Immigration and Rising Income Inequality

  • Rising inequality in the United States is linked to rising immigration, falling union membership and rising international trade according to economists. But, these three trends are not independent of each other, and the rise in the immigrant population contributes to the other two trends.

  • Since 1970, the country’s immigrant population has grown by about 26 million persons — a 272 percent increase. Over the same period, the spread between mean and median family incomes — an indicator of increasing income inequality — has grown by nearly four times the rate of increase during the prior period (1947—70) when the immigrant population was fairly stable.

  • Since mass immigration was unleashed by the 1965 immigration law, increases in average inflation-adjusted family income have steadily shrunk and are approaching no growth, or — if the trend continues — negative growth.

  • The Bush administration’s proposal to increase immigration and increase both skilled and unskilled temporary foreign workers would increase the labor supply and, thereby, accelerate the trend in rising income inequality and the erosion of the middle class.


President Bush has become the latest politician to discover that income inequality is rising in the United States and that it is an increasingly troubling trend. The president’s reference to the rising trend for 25 years is worth a closer look, however, as is his attribution of the trend to education and skills. The trend of accelerating income inequality has been notable for 35 years — since 1970. Missing from the president’s commentary was any recognition of the role of rising immigration — both legal and illegal — as a key factor influencing the rising income inequality. Of course, the trend in immigration also contributes to a growing gap in educational achievement and in skills, but it is important to identify the source, not just the symptoms.

In a recent study, immigration researcher Edwin Rubenstein wrote, “From the end of World War II until the late 1960s, the rich-poor divide was remarkably stable, even narrowing over long stretches. Things started to come apart around 1970, as can be seen by eyeballing the trend in mean and median family income.” He notes the post-1970 increase in the foreign-born population unleashed by the immigration law enacted in 1965 is a major contributor to this trend.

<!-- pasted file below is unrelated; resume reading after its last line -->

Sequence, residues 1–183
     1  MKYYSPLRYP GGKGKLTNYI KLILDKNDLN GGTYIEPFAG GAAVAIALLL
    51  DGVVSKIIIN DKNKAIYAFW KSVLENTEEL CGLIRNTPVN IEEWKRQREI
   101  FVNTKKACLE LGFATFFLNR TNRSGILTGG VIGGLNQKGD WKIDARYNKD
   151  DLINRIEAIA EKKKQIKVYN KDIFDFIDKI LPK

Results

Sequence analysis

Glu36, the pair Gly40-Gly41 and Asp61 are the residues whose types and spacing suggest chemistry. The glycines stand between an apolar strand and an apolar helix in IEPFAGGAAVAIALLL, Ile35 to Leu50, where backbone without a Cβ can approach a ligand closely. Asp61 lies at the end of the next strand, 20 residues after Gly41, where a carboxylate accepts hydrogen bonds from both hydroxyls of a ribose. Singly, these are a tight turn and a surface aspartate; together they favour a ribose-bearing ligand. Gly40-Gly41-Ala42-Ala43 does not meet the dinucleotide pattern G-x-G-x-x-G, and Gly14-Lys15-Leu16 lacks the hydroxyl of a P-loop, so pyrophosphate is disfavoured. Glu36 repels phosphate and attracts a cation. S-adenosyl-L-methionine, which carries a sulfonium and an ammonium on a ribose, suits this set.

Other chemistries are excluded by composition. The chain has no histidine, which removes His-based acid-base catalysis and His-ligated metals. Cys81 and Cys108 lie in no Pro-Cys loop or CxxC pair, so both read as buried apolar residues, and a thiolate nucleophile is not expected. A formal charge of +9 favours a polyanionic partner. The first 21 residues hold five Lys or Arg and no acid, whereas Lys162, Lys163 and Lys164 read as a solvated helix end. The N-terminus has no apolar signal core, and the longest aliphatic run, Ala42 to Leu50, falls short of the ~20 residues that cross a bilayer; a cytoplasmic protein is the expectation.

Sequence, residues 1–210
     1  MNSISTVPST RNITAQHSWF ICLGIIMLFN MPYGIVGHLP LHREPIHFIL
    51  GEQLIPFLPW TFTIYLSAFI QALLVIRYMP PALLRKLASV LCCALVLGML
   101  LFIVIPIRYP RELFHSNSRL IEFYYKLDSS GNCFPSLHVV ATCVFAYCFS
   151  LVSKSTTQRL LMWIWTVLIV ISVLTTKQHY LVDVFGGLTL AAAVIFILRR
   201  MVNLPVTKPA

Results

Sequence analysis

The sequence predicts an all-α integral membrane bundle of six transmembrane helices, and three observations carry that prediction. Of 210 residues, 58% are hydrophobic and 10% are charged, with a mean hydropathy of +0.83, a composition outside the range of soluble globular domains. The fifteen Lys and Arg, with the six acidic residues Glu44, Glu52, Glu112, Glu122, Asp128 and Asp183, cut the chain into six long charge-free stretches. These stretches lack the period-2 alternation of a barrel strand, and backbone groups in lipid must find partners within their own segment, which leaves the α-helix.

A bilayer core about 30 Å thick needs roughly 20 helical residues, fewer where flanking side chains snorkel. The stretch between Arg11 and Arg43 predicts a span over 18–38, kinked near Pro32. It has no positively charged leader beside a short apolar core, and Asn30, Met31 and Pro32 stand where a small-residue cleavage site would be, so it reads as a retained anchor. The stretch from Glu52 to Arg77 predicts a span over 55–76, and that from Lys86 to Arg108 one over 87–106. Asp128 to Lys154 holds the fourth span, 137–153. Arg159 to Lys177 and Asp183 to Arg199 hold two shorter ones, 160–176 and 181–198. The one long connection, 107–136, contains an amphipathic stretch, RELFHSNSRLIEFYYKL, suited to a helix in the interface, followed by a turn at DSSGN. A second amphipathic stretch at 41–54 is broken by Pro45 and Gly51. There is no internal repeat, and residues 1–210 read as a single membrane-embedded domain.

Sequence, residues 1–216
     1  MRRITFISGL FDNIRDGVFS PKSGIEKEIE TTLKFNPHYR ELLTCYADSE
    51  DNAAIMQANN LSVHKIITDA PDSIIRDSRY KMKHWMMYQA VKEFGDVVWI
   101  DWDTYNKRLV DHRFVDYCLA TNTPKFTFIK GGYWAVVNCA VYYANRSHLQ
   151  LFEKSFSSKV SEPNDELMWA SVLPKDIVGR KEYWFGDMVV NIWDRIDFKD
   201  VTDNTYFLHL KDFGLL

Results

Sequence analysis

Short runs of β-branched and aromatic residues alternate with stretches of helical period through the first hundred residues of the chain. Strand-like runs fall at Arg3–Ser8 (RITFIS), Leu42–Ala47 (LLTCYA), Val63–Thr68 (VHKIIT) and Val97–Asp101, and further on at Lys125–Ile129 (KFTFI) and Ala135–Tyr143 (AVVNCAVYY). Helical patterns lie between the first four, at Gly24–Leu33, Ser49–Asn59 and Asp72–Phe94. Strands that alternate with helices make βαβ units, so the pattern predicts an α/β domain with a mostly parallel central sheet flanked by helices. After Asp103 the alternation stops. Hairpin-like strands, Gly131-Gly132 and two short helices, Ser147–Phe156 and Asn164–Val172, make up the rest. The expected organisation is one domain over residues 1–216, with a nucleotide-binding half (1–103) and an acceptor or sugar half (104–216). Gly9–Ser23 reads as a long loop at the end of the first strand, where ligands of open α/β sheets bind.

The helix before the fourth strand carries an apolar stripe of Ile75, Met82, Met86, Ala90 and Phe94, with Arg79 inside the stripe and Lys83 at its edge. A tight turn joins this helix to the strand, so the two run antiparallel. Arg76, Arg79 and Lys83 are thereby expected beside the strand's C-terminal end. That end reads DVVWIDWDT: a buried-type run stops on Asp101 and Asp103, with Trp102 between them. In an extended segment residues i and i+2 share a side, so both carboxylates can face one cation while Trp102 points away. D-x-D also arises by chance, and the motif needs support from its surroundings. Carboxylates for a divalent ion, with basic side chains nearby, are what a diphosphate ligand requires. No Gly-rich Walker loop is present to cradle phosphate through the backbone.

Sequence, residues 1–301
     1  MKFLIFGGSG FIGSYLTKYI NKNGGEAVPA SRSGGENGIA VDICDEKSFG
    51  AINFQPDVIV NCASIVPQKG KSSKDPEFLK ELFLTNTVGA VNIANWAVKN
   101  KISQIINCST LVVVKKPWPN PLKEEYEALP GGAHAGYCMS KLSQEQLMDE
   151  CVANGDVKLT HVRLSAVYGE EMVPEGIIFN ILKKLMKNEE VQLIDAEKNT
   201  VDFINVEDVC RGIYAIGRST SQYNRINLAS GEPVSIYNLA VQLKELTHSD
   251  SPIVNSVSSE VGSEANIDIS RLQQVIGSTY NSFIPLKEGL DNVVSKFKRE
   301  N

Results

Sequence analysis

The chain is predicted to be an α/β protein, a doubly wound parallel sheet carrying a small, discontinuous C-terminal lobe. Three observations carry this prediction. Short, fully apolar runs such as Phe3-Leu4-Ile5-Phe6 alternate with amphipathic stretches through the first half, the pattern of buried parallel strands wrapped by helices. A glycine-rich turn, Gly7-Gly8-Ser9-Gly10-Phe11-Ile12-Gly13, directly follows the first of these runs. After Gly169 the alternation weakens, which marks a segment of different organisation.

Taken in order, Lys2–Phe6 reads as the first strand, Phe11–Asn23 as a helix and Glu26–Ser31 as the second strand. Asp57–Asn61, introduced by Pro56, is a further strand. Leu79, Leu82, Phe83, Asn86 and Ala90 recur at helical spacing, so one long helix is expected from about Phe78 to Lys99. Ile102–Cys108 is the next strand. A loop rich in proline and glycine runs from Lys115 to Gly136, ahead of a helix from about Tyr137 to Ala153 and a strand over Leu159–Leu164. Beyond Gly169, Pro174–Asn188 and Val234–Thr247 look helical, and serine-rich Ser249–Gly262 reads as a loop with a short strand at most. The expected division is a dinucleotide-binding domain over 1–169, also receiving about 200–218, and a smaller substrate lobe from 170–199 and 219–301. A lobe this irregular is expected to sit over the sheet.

This commentary on immigration as a factor in rising income inequality draws on research by Northwestern University economists presented in September 2005. These researchers argued that:

“To be convincing, a theory must fit the facts, and the basic facts to be explained about income equality are not one but two, that is, not only why inequality rose after the mid-1970s but why it declined from 1929 to the mid-1970s. Three events fit neatly into this U-shaped pattern, all of which influence the effective labor supply curve and the bargaining power of labor: (1) the rise and fall of unionization, (2) the decline and recovery of immigration, and (3) the decline and recovery in the importance of international trade…”

Of course, the surge in legal and illegal immigration — the second point mentioned by the Northwestern economists — is also related to the labor supply curve and the bargaining power of labor — the first point. Some immigration commentators also link the increase in skilled foreigners in the U.S. workforce (H-1B and L visas) with the increase in sending U.S. jobs abroad (offshoring) — the economists’ third point. The explanation for this is twofold: first, the foreign workers in the U.S. act as liaison for U.S. companies to offshore worksites; and, second, these foreign workers often return abroad with the knowledge and skills they acquired in the United States to manage offshoring operations or start up their own offshoring enterprises.

The trend referred to by Rubenstein and the Northwestern economists may be seen in a comparison of the median and mean family income in 2005 dollars from 1947 to 1970 and from 1971 to 2005. The graphic below reveals four trends:

  • Median and mean income tended to increase together during the earlier period, although mean income was rising very slightly faster than median income.

  • Mean income began to rise much faster than median income after 1970.

  • Both median and mean income rose faster before 1970 than they did after that date, although the change in the rate for mean income was less than for median income.

  • The trend in both median and mean income was relatively flat beginning in 1999.

From 1947 to 1970, the difference between median and mean income increased by 41 percent — an average of about 1.7 percent per year. From 1971 to 2005, the spread between mean and median household income grew by 216 percent — an average of about 6.2 percent per year.

The data also show that during the period prior to 1970 mean family income rose by about 84 percent (an average of about 3.4% per year) and median family income rose by about 91 percent (an average of about 3.8% per year). Since 1970, the rate of increase has dropped. For mean family income, the increase for the 35 years was about 52 percent (about 1.5% per year) and median family income increased by about 31 percent (less than 1% per year). The significance of this increasing separation between mean and median income after 1970 is that mean income is the average (total income divided by total number of families) while the median income is the midway point with half of the families higher and half lower than the median income. When high-level earners gain more rapidly than low-level earners, average (i.e., mean) income will increase more rapidly than median income. That is what is clearly evident in the post-1970 period.

Read the full report in pdf format.

March 2007